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Bullitt (1968)
Music by Lalo Schifrin
Bullitt Bullitt
Click to enlarge images.
Price: $19.95
Limited #: 10000
View CD Page at SAE Store
Line: Silver Age
CD Release: December 2009
Catalog #: Vol. 12, No. 17
# of Discs: 1

FSM presents one of the most quintessentially “cool” soundtracks ever: Lalo Schifrin’s score for the classic urban crime drama, Bullitt (1968). The film stars Steve McQueen as San Francisco police detective Frank Bullitt, caught up with protecting a Chicago mobster from vengeful Mafia hit-men while dealing with an ambitious, sleazy politician portrayed by Robert Vaughn. With its riveting story, realistic settings, taut screenplay and quasi-documentary cinematography, it brought a new depth to McQueen’s portrayal of tough characters (this one on the right side of the law).

An essential part of the film’s success was its economical, nervous jazz score; the Argentinean-born, classically trained Schifrin was then at the height of the fame generated by his iconic Mission: Impossible television theme. The film is judiciously spotted, with relatively little “action” music (the famous car chase is unscored) but several atmospheric and evocative source cues. Schifrin himself described it as “very simple” and “completely based on the blues.”

Shortly after recording the film soundtrack, Schifrin led a separate recording for a Warner Bros. Records album. Jazz greats featured in those sessions include Bud Shank (flute), Ray Brown (bass), Howard Roberts (guitar) and Larry Bunker (drums). FSM presents the first U.S. release of that album on this CD, newly mixed by Mike Matessino from the original 1" eight-track master tape.

The CD also includes the never-before-released complete film soundtrack itself, recorded at the Warner Bros. scoring stage in Burbank by legendary engineer Dan Wallin. These tracks have been newly mixed and mastered from ½” three-track tape stored at the studio. While some score passages and cues are virtually identical to the record album, many of the film soundtrack’s softer, moodier cues were not chosen for the LP—or had certain passages rewritten. And some were dropped from the film itself, so have never been heard before by the public—until now.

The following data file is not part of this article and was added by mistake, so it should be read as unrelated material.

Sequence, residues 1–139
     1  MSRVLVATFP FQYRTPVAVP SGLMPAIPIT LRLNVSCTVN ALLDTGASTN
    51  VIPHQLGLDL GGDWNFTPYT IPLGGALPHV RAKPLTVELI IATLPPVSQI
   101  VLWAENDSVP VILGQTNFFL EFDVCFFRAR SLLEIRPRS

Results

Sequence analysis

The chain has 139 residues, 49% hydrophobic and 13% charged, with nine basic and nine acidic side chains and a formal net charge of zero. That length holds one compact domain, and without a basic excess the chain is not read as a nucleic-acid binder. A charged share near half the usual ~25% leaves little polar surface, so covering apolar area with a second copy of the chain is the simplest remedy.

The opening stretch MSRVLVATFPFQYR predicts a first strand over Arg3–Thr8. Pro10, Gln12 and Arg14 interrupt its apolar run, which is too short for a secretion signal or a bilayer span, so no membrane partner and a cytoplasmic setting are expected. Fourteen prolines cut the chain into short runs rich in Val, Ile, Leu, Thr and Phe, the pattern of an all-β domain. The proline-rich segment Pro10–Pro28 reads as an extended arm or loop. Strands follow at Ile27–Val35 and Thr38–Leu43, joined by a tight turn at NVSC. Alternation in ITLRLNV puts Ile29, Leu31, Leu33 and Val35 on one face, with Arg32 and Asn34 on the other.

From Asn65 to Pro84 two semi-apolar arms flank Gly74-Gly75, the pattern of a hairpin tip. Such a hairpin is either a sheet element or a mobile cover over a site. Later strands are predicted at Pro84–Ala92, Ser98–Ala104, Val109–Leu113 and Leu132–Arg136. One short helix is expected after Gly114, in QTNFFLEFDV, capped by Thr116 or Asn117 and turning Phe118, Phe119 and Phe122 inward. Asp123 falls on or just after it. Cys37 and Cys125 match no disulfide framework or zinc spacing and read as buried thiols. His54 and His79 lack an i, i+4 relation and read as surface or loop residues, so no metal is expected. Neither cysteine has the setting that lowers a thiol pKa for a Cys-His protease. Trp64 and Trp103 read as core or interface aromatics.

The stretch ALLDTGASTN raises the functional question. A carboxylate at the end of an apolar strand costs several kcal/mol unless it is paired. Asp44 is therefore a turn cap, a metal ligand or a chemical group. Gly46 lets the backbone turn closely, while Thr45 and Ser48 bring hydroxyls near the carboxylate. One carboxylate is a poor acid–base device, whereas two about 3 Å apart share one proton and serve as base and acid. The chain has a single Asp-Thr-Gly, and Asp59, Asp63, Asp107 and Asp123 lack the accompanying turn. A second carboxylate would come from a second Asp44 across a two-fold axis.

The booklet includes a perceptive, in-depth essay on the film and its score by John Bender and detailed track-by-track commentary by Alexander Kaplan. Bullitt is an essential purchase for any “cool” soundtrack collection (or collector), and adds one more title to FSM’s expanding catalog of scores by a living legend of film music.

Lalo Schifrin Scores on FSM
About the Composer

Lalo Schifrin (b. 1932) is an Argentinean-born composer, conductor, arranger and pianist who has made a major impact on film, TV, the concert hall and jazz stage. He parlayed an early career as a pianist and arranger for Dizzy Gillespie into a run as one of the hottest film and TV composers of the 1960s and '70s, with projects such as Mission: Impossible, Bullitt, Dirty Harry, Cool Hand Luke, Enter the Dragon and more. His more recent films include the popular Rush Hour series. He is beloved for his Latin jazz but is also an accomplished classical composer and conductor with ongoing recording, composing and performing projects.IMDB

Comments (14):Log in or register to post your own comments
I'm loathe to use the term "cool" but when it comes to Schifrin's score for BULLITT and FSM's release of same, I can say without doubt that film music will never be as cool as Lalo's recording and original tracks were, are, and always will be. I love the Wes Montgomery-ish guitar of the main title and how it sets the mood for McQueen's character. It's the very sound of 1968 and not the forced "cool" of the Counterculture but the refined, confident sense of self that Frank Bullitt exudes. I love when a theme like this rises above merely being the character's theme and instead is the sonic equivalent of McQueen walking on screen.